Select a primary language to get the most out of our Journal pages:
English 日本語 Español Português

We have made a lot of improvements to our Journal section pages. Please send your feedback to!

An Important Anniversary

…for me and my family anyway. Back in 1920, my father first came to Canada from a small village called Kiyama, Fukui-ken, Japan. His father, my grandfather, had brought him and his chonan, his first son, my uncle, to work. Poverty plagued Japan at the time, according to Toyo Takata, our first Nisei historian, and jobs were hard to come by. So many came to North America temporarily to find work.

It was the time of the “Gentleman’s Agreement,” so they couldn’t easily immigrate with wife and children in tow. Not until the late ‘20s. In any case, my grandfather owned a rice farm in Kiyama and didn’t want to give it up.

Kagetsu Lumber Company, Summer 1920, somewhere on Vancouver Island. Photographer unknown. Front row, left to right: unknown, Shigetaro Watada (Uncle); Matsujiro Watada (Father); Hidematsu Watada (Grandfather).

Hidematsu, my grandfather, had made several trips to Canada in the late 19th and early 20th Centuries, so he was very familiar with the labour situation in British Columbia. As far as I know, he primarily worked in the lumber industry, but I understand he took jobs in mining (mostly on Vancouver Island, probably in the Cumberland area) and in railroad work.

His first son, Shigetaro, would inherit the farm, but, I’m guessing, Hidematsu wanted his sons to have work experiences. Moreover, he knew the best chance for his second son to have a good life was in Canada. Matsujiro (my father) after all stood to inherit nothing.

So it was that Hidematsu brought his two sons to Canada. He set up Matsujiro with a job and a place to stay. Must have been quite a shock to learn that his father and brother went back to Japan, forcing Matsujiro at fourteen-years-old to fend for himself.

I don’t really know how he felt, but there is some indication in a letter home while he was aboard the ship to Canada.

Hello to the household,

…My mother, my older sister and so on, not a day goes by that I fail to think of them. Tell them not to worry about me…

From the ship, Watada                                           April 15, 1920.

The remarkable thing about the letter was the fact that he hadn’t put it in the mail on board or in Vancouver. He simply rolled it into a bottle and threw it into the Pacific Ocean. It eventually floated up the coast and followed the Aleutian Archipelago until an Aleut plucked it out of the water. He in turn gave it to a US Navy Captain stationed nearby. The officer recognized it as being written in Japanese and so naturally thought it was a bit of espionage. He sent it on to Washington DC, where translators found nothing insidious about it. They sent it on to Japan. A decade later, my dad retrieved the letter during a visit, which he brought back to Canada. It and the story are part of the family lore.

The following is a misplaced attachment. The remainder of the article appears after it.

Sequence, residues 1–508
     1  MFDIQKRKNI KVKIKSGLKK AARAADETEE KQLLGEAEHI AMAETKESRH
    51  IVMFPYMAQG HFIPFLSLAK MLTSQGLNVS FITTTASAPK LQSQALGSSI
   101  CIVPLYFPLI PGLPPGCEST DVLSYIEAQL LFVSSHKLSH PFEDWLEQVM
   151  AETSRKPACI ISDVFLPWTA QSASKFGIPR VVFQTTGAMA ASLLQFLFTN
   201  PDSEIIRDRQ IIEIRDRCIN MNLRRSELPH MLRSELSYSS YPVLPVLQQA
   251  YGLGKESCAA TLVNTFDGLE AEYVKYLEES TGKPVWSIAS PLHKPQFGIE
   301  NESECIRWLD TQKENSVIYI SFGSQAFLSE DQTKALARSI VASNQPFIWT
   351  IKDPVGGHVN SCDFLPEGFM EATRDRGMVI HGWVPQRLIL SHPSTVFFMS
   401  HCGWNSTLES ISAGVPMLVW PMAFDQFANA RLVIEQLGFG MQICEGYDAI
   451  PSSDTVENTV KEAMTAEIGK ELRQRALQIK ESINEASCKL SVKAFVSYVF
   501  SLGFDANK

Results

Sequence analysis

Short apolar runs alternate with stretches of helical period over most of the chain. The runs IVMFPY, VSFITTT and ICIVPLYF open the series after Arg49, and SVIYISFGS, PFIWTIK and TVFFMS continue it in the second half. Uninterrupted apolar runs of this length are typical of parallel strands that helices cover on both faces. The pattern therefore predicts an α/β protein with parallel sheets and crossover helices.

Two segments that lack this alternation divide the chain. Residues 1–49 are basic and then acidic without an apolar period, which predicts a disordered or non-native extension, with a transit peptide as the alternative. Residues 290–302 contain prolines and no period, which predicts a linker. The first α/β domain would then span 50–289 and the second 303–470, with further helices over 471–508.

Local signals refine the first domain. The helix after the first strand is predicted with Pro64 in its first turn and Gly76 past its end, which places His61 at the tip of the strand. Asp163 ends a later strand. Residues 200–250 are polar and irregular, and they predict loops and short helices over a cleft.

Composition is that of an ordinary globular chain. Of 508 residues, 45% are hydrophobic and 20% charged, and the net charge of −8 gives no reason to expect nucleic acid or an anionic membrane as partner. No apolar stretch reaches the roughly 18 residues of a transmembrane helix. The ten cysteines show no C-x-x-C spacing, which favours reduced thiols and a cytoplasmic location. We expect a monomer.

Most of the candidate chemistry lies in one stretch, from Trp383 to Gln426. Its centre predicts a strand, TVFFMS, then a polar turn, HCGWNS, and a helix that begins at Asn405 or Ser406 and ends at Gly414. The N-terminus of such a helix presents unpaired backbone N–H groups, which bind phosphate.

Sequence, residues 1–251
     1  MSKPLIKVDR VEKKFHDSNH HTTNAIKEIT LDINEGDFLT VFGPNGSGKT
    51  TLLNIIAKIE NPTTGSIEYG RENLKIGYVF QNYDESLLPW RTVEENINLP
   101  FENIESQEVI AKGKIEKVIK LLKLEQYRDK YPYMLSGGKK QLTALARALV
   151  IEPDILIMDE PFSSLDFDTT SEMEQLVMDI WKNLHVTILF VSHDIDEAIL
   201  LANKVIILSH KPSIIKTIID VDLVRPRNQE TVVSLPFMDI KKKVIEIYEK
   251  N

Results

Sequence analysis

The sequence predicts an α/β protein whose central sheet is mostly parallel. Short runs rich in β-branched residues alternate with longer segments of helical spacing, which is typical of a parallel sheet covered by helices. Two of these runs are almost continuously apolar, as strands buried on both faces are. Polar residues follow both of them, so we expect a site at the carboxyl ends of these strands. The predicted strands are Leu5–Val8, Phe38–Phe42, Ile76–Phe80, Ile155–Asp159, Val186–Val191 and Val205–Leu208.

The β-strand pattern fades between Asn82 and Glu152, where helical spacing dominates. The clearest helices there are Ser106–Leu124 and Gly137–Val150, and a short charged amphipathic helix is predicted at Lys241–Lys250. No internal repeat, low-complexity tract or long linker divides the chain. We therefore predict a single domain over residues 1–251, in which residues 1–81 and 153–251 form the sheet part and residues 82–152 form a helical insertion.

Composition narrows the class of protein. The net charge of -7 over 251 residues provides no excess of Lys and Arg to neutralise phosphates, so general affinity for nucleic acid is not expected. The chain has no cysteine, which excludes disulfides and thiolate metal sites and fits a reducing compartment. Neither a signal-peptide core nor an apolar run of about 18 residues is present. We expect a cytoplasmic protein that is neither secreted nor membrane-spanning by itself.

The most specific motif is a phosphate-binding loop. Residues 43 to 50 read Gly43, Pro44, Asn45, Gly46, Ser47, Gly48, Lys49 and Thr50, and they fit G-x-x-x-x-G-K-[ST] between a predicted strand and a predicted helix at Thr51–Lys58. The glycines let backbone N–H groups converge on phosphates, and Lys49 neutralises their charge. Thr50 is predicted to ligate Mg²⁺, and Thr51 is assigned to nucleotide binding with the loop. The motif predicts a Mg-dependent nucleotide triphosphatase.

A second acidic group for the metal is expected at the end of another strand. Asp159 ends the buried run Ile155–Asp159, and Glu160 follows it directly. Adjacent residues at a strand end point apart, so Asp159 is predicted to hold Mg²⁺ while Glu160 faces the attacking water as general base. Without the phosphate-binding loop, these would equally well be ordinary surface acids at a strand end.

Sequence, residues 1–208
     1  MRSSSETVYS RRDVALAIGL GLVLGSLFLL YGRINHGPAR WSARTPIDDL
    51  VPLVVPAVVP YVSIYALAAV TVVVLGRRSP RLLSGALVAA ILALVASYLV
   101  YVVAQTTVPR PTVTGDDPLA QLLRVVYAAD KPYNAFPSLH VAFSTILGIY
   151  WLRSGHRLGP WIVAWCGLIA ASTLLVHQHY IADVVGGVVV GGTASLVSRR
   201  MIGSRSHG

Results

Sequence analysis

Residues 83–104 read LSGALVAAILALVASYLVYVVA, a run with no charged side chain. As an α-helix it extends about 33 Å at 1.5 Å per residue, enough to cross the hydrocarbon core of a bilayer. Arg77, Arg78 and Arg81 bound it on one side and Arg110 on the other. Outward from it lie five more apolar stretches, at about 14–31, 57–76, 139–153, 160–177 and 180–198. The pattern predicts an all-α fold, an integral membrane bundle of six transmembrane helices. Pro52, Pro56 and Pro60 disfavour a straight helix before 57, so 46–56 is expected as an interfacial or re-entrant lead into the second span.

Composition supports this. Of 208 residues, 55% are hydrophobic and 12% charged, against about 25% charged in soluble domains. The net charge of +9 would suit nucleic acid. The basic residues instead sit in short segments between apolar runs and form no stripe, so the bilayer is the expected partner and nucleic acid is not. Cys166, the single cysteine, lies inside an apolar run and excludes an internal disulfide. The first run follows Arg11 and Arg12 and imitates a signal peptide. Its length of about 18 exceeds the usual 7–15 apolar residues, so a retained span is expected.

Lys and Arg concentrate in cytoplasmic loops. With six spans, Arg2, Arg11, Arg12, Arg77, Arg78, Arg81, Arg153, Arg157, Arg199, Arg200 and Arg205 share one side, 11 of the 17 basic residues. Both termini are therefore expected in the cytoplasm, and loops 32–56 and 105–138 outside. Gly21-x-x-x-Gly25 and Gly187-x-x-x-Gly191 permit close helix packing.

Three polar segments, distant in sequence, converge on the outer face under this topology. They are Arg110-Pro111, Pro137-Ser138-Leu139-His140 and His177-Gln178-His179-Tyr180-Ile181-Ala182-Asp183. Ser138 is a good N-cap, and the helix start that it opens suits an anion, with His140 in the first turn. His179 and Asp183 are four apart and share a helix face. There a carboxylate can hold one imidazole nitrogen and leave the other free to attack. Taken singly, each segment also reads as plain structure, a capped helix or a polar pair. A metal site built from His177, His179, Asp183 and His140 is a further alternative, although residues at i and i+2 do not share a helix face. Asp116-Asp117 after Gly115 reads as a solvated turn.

My favourite story about my dad concerns his first venture into gaijin territory. During the first weeks of his stay, he explored Gastown, which neighboured Powell Street (where the Japanese lived). The oldest part of Vancouver, it was rough and tumble at the time, consisting of bars and rundown hotels for the white workers who came to town. My father, being a curious boy, wandered into a café, probably because he smelled the food cooking. He sat at the counter and waited.

Eventually, the short-order cook approached him and allegedly said, “What’ll it be, Mac?” My father didn’t know English and so stared at the gaijin until the man opened a menu in front of him.

Dad must’ve understood because he pointed to an item in it. The cook nodded and proceeded to prepare food. In a few moments, the cook placed a plate of sausage and eggs before the young Japanese boy.

Matsujiro had never seen food like that before, though he said the aroma was heavenly. He proceeded to devour his breakfast with particular attention to the sausages. He found them to be a taste sensation.

He returned to the same café and ordered the same thing everyday for a couple of weeks. He confessed to me that he felt he got lucky and didn’t want to risk ordering something else, in case, he hated it. In due course, he grew tired of sausages and so stopped going. In fact, he never had sausages for the rest of his life.

There are many more tales to tell but I have limited space. 

Let me conclude by acknowledging that other families have been here for more than 100 years. Japanese Canadians have been here since 1877 (again according to Toyo Takata), but 2020 is quite a milestone for my family. It gives us a sense of belonging. I am indebted to my father for having endured so much: the loneliness and insecurity of his adolescence, abandoned as he was in an alien land; the internment and then exile to another alien part of the country; and the hard life he led as a blue-collar labourer in Toronto. I suspect there were moments of great joy and love, but in general, he led a life of struggle and sacrifice so that his family could enjoy a future of opportunity and promise.

Matsujiro Watada died in 1987, and if I could say something to him now, it would be, “Dad, you did all right. All my love to you.”


© 2020 Terry Watada

Canada father Japanese Canadian migration